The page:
The action was brought by Claimant [Seller], a Russian company, against Respondent [Buyer], a German company, in connection with non-payment for goods delivered under an international sales contract concluded between the parties on 5 April 1995. The [Seller] claimed recovery of the principal debt; recovery of the contract penalty for delay of payment and compensation of losses suffered due to payment of a penalty by the [Seller] for failure to timely deposit hard currency proceeds. The latter penalty was paid pursuant to a decision of the Russian Customs authorities. The [Buyer] challenged the [Seller]’s claims referring to defects in the delivered goods that were admitted by the [Seller]. Besides this, [Buyer] did not have an opportunity to pay off the debt due to a change of banking details of [Seller] of which the [Buyer] was not informed by the [Seller]. [Buyer] also alleged losses in connection with [Seller]’s breach of his obligations under an Addendum to the present contract concluded between the parties. In this connection, the [Buyer] filed a counterclaim.


The ruling of the Tribunal contained the following main points.

     3.1 [Jurisdictional competence of the Tribunal]

Clause 8 of the contract between the parties of 5 April 1995 provides for arbitration of disputes or misunderstandings in connection with performance of the contract by the […] Tribunal. [On this basis] the Tribunal came to the conclusion that it is competent to arbitrate the present dispute.

     3.2  [Applicable law]

In their contract of 5 April 1995, the parties did not specify the applicable law. Since the Russian Federation and Germany are CISG Contracting States, this Convention should be applied to relationships of the parties concerning the issues not settled in the contract concluded between them.

By virtue of the rule of conflict of law of Art. 166 of the Principles of Civil Law 1991 [hereinafter Principles], effective in the Russian Federation since 3 August 1992, the law of the country where the seller to the contract is established, has his main place of residence or main place of business should be applied to the relations of the parties not governed by the CISG, i.e., in this case – the substantive law of the Russian Federation, in particular, Russian Federation Civil Code (Part One, effective since 1 January 1995 and Part Two, effective since 1 March 1996) [hereinafter Civil Code].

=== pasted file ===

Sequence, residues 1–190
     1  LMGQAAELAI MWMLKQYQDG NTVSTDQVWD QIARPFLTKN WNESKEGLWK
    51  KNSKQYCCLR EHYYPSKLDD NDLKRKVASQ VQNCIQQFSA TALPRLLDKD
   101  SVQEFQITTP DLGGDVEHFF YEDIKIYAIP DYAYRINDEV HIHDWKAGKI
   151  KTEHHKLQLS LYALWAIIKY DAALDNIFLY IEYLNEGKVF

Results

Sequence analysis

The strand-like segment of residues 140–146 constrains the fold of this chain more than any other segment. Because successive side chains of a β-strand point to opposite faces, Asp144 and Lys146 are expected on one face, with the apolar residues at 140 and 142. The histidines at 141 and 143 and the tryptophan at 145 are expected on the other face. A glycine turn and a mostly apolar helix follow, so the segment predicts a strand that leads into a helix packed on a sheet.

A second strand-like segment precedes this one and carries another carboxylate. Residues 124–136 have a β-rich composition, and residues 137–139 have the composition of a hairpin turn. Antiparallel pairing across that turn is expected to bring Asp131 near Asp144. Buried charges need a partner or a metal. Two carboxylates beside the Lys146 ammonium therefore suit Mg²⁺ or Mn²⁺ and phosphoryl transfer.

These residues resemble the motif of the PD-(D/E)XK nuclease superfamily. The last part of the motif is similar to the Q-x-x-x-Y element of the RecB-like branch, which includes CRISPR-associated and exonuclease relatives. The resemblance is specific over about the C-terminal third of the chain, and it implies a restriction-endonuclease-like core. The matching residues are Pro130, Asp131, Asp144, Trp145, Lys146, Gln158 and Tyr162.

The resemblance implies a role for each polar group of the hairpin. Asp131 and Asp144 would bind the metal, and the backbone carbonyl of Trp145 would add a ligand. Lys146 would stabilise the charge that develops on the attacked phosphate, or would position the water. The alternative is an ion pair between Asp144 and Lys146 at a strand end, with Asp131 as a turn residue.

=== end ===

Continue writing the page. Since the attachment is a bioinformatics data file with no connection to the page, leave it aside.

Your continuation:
3.3  [Merits of the case]

Having reviewed the claims of [Seller], the Tribunal found that the case materials confirm the delivery by [Seller] according to the contract of 5 April 1995 on 14 November 1997 of the goods under the “FOB Saint Petersburg” term with two bills of lading. According to [Seller]’s invoice No. 21 of 29 October 1997, the total cost of goods consisted of the sum of the principal debt claimed for recovery. The [Buyer] did not challenge that the delivery was made nor did he contest his failure to pay for the goods delivered.

On the basis of Clause 5 of the contract, the [Buyer] had to make a payment by wire transfer within ten days from the date of the bill of lading in favor of [Buyer] at his account at International Moscow Bank, Moscow City. Based on the dates of the bills of lading the [Buyer] had to make a payment not later than 24 November 1997. However, he did not make a payment either on that date or at a later time.

The Tribunal found that the [Buyer] breached Clause 5 of the contract as well as Art. 53 CISG according to which the buyer must pay the price for the goods delivered as required by the contract. Therefore, the debt for the goods received should be recovered from [Buyer].

The [Buyer] deducted from his debt the sum claimed by him for reclamation of the quality of the goods received. However, the reclamation data presented by him at the hearings showed a lesser sum and partially referred to expenses in Germany that the [Buyer] had to bear as the owner of goods bought by him according to the “FOB Saint Petersburg” term of delivery.

In such circumstances, the Tribunal found it reasonable to admit only 50 percent of the [Buyer]’s reclamation claim. Moreover, such an apportionment of the reclamation claim was admitted by both [Buyer] and [Seller] as the accepted method of resolving this dispute (see [Buyer]’s letter of 5 May 1998, [Seller]’s Draft Agreement of 26 February 1998). Therefore, the debt of [Buyer] for the delivered goods for which he ought to pay [Seller], should be decreased by the amount of the allowed reclamation claim as to the quality of the goods.